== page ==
The Sacramento Bee’s “Nevada Patient Busing” series wins Bingham Prize
March 24, 2014
CAMBRIDGE, Mass. – The Sacramento Bee has won the 2013 Worth Bingham Prize for Investigative Journalism for its five-part series Nevada Patient Busing
The Bee’s investigation found that over the course of five years, the Rawson-Neal Psychiatric Hospital in Las Vegas transported more than 1,500 mentally ill patients out of Nevada by bus, sending at least one person to every state in the continental United States. A third of those patients were sent to California.
Many patients were sent away without plans for treatment or housing and in some cases, to cities where they had no personal contacts. Some of them were violent offenders who committed crimes in their new cities, including one murder.
The reporting focused on Greyhound bus receipts kept by Nevada’s mental health division between 2008-2013, which were used to trace those affected by the practice of patient dumping.
The series begins with a profile of James Flavy Coy Brown, a 48-year-old man suffering from schizophrenia, anxiety and depression who was discharged from Rawson-Neal and given a one way ticket to Sacramento with only minimal food and medication and instructions to call 911 when he reached California. Despondent and confused when he arrived, he considered suicide before making his way to a homeless shelter and then the UC Davis Medical Center, where he was admitted for treatment. The Bee pieced his story together by interviewing him at length, finding relatives across the country and talking to his doctors, social workers and caregivers.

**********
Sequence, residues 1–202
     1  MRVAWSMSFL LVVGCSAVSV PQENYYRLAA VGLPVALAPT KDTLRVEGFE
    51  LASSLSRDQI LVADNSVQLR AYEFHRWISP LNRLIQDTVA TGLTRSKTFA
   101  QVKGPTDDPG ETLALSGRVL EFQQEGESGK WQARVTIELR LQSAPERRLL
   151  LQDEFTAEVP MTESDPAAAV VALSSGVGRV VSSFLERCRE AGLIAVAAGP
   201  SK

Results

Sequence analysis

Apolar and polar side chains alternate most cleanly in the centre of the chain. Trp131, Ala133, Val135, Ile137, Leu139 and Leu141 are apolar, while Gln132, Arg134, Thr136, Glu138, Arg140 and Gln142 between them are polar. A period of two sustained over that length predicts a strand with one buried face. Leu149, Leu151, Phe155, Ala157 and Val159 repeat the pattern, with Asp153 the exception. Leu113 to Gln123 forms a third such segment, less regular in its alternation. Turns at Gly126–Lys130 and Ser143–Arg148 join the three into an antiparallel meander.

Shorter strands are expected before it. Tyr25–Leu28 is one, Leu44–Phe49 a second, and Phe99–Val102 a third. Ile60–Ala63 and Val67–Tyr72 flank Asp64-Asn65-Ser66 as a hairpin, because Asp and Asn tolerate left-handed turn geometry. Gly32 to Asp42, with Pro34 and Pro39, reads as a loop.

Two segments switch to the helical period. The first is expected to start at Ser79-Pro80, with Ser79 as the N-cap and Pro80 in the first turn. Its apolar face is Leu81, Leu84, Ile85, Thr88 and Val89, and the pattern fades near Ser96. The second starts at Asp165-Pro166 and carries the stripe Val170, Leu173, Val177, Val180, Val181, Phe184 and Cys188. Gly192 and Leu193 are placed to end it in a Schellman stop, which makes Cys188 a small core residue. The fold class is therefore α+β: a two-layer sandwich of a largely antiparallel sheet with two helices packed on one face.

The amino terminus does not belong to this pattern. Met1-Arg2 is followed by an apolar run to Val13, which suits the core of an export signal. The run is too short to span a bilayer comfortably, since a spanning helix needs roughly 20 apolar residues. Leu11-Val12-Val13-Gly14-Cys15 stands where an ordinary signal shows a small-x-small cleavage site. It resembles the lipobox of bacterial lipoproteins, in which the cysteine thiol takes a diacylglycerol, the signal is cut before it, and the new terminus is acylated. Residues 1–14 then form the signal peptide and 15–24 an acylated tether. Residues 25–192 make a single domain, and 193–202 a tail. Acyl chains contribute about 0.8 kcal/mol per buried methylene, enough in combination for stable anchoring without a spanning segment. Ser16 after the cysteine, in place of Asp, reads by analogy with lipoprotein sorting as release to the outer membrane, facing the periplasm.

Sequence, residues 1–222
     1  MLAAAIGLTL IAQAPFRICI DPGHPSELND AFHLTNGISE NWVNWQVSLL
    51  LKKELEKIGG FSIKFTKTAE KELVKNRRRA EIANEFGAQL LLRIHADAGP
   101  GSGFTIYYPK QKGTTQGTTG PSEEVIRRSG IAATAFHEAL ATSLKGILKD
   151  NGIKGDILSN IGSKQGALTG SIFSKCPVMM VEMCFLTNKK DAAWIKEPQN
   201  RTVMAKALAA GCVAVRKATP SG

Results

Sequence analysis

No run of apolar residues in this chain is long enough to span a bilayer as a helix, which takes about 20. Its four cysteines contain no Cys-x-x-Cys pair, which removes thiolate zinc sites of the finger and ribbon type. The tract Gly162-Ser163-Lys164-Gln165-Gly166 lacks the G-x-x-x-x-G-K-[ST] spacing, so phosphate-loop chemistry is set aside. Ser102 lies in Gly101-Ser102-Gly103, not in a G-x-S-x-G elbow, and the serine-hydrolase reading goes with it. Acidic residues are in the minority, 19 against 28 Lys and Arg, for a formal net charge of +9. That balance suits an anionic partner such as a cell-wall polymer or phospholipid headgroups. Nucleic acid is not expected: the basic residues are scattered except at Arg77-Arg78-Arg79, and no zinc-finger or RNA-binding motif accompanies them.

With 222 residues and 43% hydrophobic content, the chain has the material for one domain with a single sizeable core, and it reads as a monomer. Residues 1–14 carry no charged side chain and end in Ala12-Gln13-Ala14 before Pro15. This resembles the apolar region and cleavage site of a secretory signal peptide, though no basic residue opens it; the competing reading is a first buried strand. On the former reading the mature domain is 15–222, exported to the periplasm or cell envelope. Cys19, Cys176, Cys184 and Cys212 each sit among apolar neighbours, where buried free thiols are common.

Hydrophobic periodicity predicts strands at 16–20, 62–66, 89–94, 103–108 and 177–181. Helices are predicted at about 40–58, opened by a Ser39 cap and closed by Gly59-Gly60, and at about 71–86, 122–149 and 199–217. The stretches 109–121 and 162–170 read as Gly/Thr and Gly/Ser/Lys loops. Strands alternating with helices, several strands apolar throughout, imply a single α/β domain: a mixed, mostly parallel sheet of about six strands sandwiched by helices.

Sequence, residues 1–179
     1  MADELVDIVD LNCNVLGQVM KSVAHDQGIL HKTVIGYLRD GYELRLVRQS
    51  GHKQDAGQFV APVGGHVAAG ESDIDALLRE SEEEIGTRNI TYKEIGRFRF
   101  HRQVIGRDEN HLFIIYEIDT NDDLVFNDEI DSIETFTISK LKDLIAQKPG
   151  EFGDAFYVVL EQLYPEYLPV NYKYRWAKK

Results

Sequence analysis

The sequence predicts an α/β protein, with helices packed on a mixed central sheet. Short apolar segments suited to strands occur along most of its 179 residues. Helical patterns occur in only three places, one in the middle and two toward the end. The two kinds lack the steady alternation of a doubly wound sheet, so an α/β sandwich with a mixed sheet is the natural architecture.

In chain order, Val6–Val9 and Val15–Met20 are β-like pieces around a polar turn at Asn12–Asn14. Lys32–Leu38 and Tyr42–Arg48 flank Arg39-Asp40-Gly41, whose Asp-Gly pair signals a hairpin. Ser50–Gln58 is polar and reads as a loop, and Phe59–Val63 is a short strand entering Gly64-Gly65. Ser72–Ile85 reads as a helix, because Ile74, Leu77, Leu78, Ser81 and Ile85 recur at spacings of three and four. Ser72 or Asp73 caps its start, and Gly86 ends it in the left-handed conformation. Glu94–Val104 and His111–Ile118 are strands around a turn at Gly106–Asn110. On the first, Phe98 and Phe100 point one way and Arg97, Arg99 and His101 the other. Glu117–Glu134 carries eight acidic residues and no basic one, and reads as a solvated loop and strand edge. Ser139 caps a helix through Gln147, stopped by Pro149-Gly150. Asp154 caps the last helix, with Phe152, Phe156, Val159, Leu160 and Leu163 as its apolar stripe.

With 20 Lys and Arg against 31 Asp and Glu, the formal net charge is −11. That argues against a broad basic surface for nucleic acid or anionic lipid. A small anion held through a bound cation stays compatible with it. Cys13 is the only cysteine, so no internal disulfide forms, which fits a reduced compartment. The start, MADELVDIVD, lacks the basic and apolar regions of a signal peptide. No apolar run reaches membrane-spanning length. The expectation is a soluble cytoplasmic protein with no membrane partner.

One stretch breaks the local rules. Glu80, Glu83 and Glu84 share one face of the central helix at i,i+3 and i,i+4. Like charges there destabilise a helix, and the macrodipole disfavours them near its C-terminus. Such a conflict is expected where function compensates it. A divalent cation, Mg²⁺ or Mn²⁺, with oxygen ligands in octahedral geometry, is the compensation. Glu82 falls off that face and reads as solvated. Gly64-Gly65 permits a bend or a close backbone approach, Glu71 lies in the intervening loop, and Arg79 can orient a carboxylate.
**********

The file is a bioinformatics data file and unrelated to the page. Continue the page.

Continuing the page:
Lead reporters Cynthia Hubert and Phillip Reese spent months tracking down former patients and others involved in the story, interviewing hundreds of people in the process. They found patients serving prison time, staying in nursing homes and living on the street. Other Bee staffers who contributed to the series were photographer Renee Byer, graphic artist Nathaniel Levine, researcher Pete Basofin, presentation editor Robert Casey and editor Deborah Anderluh.
The series has spurred a number of changes and reforms. The Rawson-Neal Psychiatric Hospital fired two staffers, disciplined others and announced that it will no longer bus patients without chaperones. The hospital has lost its accreditation and remains in danger of losing its federal Medicare funding, pending demands for improvements.
Additionally, Nevada legislators increased funding for mental health by roughly $30 million and state and federal agencies are reviewing the hospital’s treatment protocols. Nev. Gov. Brian Sandoval created a special council to review the state’s mental health care system and make recommendations for improvements. The city of San Francisco filed a class-action lawsuit seeking to recoup the costs of taking care of patients bused to them and that lawsuit is pending. Private attorney Mark Merin in Sacramento also filed a class-action lawsuit on behalf of Brown and other patients bused out of state which was dismissed in federal courts in February 2014. Merin is planning to appeal.
Bingham Prize judge Lisa Chedekel, said, “The Sacramento Bee’s series would be one of the most remarkable investigative stories of the year, even if it didn’t come at a time when the entire nation is grappling with mental health, in the wake of Sandy Hook and other high-profile incidents.The Bee showed incredible grit by sticking with the story to examine the policy’s impact not just on individuals and families, but on communities where patients showed up, in terms of crimes and violence. No series that I can recall in the past five years has so compellingly driven home the lack of resources for mental health care in this country.”